Chasing the Sapphire

I have been known for being a wild man when it comes to frequent flier miles. Back when we lived in California, I kept track of every trick, gimmick and deal for all of the most popular airlines. Ron and I have a history spanning 18 years of taking a month long vacation the second half of December and the first part of January every year. Every other year, we would fly to our destination using frequent flier awards, back then barely paying taxes. One year, we flew from CA to Tokyo, to Beijing, to Bangkok, to Singapore, and then back to CA all on one reward ticket. Those were the days, my friend. I didn’t realize they would end.  
Moving to Europe is what ended the good old frequent flier days, because here, all of those wonderful frequent flier perks are as popular as hen’s teeth. However, I came across this promotion and thought I hit the lottery. In one of my frequent flier travel newsletters, they announced this credit card option.
Chase Sapphire PreferredSM Card Benefits:
•    40,000 bonus points after $3,000 spend in the first 3 months
•    20% off travel when you redeem through Ultimate Rewards
•    No foreign transaction fees
•    Two points per dollar spent on travel and at restaurants
•    7% annual dividend on all new points earned
•    No Annual Fee for your first year – A $95 value
I don’t need another credit card. I have more than plenty.
  • A Chase United Visa Explorer card that earns 1 mile on United Airlines for every $1 spent
  • American Express Personal Gold card which I never use, but it does accrue miles at the same rate and is distributable to about ten different airlines
  • American Express Platinum Delta Airlines card directly earning miles on Delta Airlines
  • American Express Platinum Optima with the same diversity as the Gold card
  • Diners Club/Mastercard which accrues 1 mile for for every $1 spent, but the advantage with this was that you could transfer your miles to any American airline’s program. The best benefit now is the access to Diner’s Club lounges at airports.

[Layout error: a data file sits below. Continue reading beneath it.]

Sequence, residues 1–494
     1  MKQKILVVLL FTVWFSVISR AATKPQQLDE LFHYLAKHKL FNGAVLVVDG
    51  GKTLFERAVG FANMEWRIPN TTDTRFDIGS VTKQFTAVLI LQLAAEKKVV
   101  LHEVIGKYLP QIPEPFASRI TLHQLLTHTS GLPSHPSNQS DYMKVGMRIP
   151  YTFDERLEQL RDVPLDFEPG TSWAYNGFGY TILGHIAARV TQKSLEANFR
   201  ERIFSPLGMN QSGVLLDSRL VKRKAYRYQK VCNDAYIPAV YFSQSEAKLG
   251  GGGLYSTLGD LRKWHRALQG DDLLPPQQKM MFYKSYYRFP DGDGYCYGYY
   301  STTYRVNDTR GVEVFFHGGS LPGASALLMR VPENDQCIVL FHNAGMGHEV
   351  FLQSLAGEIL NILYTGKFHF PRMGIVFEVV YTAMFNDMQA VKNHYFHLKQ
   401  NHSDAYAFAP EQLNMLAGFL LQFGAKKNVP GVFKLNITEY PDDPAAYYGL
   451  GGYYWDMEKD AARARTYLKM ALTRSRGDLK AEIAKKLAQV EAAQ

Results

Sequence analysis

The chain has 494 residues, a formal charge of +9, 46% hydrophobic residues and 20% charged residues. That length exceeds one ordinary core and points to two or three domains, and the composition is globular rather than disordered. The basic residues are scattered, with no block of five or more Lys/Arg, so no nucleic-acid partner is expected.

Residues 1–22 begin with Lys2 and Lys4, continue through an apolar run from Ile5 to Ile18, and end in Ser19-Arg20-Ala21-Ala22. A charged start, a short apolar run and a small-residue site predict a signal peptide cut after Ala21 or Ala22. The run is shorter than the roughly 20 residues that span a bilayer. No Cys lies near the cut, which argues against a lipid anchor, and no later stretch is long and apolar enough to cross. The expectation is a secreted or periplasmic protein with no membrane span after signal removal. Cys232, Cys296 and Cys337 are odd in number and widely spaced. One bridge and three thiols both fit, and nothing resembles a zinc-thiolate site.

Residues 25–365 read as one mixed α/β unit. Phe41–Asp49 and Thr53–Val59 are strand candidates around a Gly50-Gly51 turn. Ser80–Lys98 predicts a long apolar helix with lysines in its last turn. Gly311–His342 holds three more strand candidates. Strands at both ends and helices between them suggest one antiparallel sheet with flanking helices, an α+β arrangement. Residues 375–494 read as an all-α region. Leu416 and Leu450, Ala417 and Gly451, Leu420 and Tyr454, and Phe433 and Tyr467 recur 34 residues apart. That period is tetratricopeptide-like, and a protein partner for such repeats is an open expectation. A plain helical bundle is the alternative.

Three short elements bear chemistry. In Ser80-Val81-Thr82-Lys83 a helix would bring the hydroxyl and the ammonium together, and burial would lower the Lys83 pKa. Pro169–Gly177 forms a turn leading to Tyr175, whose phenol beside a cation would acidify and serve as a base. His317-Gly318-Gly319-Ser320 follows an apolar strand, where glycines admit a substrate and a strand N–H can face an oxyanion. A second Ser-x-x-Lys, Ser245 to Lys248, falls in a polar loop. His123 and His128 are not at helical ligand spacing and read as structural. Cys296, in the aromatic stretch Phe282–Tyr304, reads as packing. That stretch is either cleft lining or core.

• Capital One Mastercard accrues mile points, but they are not transferable. You buy your ticket through their program to redeem your points. However, I will never get enough to use them

The advantage of the Chase Sapphire Card is, well, just look at that sign on bonus: 40,000 miles. We have spent more than $3,000 in one month furnishing the new apartment. With quarterly taxes and a plane ticket for Ron to go to the US this summer, that would be covered in no time. 

So I figured since I had a Chase card, I could just call and switch over. When I called, the woman rep said “You want to leave us at United?” Well, duh, yes I do. There are sapphires out there waiting to be collected. Well, no can do! she tells me. She cannot move me from one card to another unless it is one United card to a different one.  She did suggest I try online. 

The online form asks you to sign in if you already have an account. I do and did. What it does is pre-fill out the application form for a new account, but this didn’t work. It would only accept US addresses, so it tried truncating my Hungarian address. I tried filling it out using my best friend’s address in New Mexico, but I know that is not going to work. 

After a  night’s sleep, I had the idea to try to find a generic Chase number, one not associated with United Airlines. After some hunting, I did find it and called. It seems that their divisions do not work well with others. This new rep told me she could not do a switch between accounts either. I would have to do it online or in a Chase branch. When I explained my predicament, she could only offer sympathy, but no oral application assistance. There are not to be any sapphires in my future, I fear.

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